Taking up citizenship a two-way process: PM Lee

Highlighting that the Republic's history and success were built on the backs of immigrants from near and far, Prime Minister Lee Hsien Loong said new citizens' stories will add to Singapore's.
Highlighting that the Republic's history and success were built on the backs of immigrants from near and far, Prime Minister Lee Hsien Loong said new citizens' stories will add to Singapore's.ST PHOTO: TIMOTHY DAVID
150 new citizens from Ang Mo Kio GRC and Sengkang West SMC received their citizenship certificates at a citizenship ceremony, on Sept 23, 2018.
150 new citizens from Ang Mo Kio GRC and Sengkang West SMC received their citizenship certificates at a citizenship ceremony, on Sept 23, 2018.ST PHOTO: TIMOTHY DAVID
PM Lee then expressed his hope that Singapore will remain the home of the new citizens' children and grandchildren.
PM Lee then expressed his hope that Singapore will remain the home of the new citizens' children and grandchildren.ST PHOTO: TIMOTHY DAVID

SINGAPORE - To take up citizenship is a deep commitment and "two-way process", said Prime Minister Lee Hsien Loong on Sunday (Sept 23) at a ceremony to welcome new Singaporeans in his constituency.

Addressing 150 new citizens of Ang Mo Kio and Sengkang West in Teck Ghee Community Club, Mr Lee said: "Your fellow Singaporeans welcome you formally into the family today, and you will bring with you your experiences, your skills, your talents, your warmth, to enrich the diversity of our society."

Mr Lee, who is also adviser to the Ang Mo Kio GRC grassroots organisations, added: "At the same time, naturally, you have to make the effort to become a Singaporean, to contribute your part to Singapore."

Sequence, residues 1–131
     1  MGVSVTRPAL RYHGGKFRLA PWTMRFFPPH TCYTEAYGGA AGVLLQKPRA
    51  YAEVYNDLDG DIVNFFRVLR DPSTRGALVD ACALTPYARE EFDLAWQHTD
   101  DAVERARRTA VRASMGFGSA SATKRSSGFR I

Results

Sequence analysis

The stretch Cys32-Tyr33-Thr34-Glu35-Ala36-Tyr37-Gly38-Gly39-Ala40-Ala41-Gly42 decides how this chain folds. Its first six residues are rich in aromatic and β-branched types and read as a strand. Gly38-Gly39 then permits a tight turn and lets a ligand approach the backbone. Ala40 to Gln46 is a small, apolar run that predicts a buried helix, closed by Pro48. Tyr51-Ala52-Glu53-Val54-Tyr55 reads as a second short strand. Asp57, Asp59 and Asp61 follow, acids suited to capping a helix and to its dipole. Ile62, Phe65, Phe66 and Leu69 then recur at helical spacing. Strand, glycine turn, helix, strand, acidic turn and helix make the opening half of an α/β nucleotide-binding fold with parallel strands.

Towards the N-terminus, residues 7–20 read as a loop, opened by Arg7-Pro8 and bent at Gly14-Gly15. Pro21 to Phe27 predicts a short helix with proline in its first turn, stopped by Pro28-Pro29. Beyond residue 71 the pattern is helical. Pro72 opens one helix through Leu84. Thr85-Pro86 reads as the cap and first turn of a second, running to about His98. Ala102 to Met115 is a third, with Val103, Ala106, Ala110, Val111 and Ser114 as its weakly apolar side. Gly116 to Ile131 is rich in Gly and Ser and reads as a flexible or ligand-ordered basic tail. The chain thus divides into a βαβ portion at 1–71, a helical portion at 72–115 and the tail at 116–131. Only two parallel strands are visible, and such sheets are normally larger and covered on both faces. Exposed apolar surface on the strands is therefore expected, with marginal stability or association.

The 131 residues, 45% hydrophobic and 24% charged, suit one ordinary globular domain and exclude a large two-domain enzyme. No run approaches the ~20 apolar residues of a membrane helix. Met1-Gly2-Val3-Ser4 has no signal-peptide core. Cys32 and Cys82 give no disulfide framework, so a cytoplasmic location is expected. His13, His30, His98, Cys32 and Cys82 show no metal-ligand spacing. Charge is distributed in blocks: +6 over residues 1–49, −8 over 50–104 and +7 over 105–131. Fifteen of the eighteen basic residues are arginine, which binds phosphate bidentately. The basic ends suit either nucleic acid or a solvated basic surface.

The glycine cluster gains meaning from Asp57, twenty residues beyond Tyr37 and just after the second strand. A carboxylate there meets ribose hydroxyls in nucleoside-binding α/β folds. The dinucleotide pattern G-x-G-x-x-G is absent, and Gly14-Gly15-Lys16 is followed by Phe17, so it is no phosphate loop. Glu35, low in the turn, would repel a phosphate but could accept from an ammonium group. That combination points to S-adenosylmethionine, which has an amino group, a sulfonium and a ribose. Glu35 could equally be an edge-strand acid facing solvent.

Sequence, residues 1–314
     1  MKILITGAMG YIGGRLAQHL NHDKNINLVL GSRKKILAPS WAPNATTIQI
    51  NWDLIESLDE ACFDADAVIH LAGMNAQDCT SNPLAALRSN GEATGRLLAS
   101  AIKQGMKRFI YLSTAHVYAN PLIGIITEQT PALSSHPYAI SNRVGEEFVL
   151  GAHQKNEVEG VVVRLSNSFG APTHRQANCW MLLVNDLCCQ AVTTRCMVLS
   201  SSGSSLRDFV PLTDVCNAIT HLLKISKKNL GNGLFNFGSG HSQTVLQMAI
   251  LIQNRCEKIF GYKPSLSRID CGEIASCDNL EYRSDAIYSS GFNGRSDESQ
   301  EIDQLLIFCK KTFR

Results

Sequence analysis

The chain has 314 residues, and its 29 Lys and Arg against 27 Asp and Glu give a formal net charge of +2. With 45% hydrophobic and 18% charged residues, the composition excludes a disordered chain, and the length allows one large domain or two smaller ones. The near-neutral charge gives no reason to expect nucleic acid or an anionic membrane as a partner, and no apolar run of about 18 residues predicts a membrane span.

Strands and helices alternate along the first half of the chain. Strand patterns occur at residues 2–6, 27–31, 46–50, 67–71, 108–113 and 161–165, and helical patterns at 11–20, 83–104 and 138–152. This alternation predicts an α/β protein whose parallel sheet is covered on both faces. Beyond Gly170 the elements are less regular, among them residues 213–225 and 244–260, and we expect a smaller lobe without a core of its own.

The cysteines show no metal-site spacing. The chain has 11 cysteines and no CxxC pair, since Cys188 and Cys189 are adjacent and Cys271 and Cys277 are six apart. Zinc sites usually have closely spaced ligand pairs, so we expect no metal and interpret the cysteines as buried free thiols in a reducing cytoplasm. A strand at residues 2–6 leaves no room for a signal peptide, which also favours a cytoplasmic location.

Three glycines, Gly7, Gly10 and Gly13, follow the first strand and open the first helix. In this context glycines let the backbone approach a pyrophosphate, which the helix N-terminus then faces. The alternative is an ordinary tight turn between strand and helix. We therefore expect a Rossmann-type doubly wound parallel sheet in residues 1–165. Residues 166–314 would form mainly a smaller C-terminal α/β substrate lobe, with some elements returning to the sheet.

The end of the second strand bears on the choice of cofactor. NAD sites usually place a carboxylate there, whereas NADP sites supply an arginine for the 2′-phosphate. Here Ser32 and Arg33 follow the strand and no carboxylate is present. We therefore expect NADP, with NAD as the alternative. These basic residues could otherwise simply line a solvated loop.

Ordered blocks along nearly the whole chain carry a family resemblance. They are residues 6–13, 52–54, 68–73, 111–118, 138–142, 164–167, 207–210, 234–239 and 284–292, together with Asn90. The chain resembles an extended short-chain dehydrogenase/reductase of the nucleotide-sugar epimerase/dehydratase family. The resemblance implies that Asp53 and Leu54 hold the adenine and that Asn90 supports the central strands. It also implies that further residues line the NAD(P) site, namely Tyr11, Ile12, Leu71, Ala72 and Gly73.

Citizenship ceremonies, held every three months or so in GRCs across the island, aim to foster a deeper sense of belonging among new citizens.

Taking up citizenship is a deep commitment "much more than carrying a new passport", Mr Lee said, noting that those who do so have to take the first step to put down roots here and fit into a new society.

He added that most of the new citizens would already have started this process in their years here.

"You were born in different parts of the world, most probably you've lived in other countries before coming to Singapore," said Mr Lee. "But you came to Singapore and you've lived, worked or studied here, and many of you started your families here."

 
 

Highlighting that the Republic's history and success were built on the backs of immigrants from near and far - people who worked hard for a living and decided to make this place home - he said new citizens' stories will add to Singapore's.

He then expressed his hope that Singapore will remain the home of their children and grandchildren, adding: "I hope also that in time to come, you will appreciate even more why Singapore is unique, and what you can do to keep our country special and our people united."

Ahead of a lunch hosted by grassroots leaders at the community club on Sunday, Mr Lee also urged the new citizens in his GRC to be active citizens and involved in their communities.

"Work with other Singaporeans, care for one another, so that together, we can make this an endearing home for all, for generations to come," he said.

Among those who received their citizenship certificates on Sunday were software engineers Nguyen The Huy, 33, and Tran Thi Tuyet Mai, also 33, who have been working in Singapore for the past decade or so since graduating from the National University of Singapore. They were attracted by the education system here, among other reasons. 

“We appreciate the diversity in the system and believe it will help our children gain a broader perspective of the world,” said Mr Huy, who looks forward to celebrating both his birthday and National Day on Aug 9 next year, for the first time.

The couple who were born in Vietnam now have two children, aged six and one.

Madam Mai added that Singaporeans such as her neighbours in Teck Ghee have made her family feel welcome. It was through a neighbour, too, that she got involved in community work, and she intends to continue in time to come.

Other new citizens included housewife Tai Bee Yoke, 56, and her husband Huang Fu Meng, 62, a building foreman, who came to Singapore from Malaysia in search of better career prospects in the 1970s. 

“I’m happy to receive citizenship today, as our three sons are all citizens,” said Madam Tai, a former factory worker. Her sons, aged between 30 and 35, helped with the couple’s applications.

She added: “I was initially worried about how we would spend our silver years. Our children are here and this has been our home for decades. We want to spend our retirement years here.”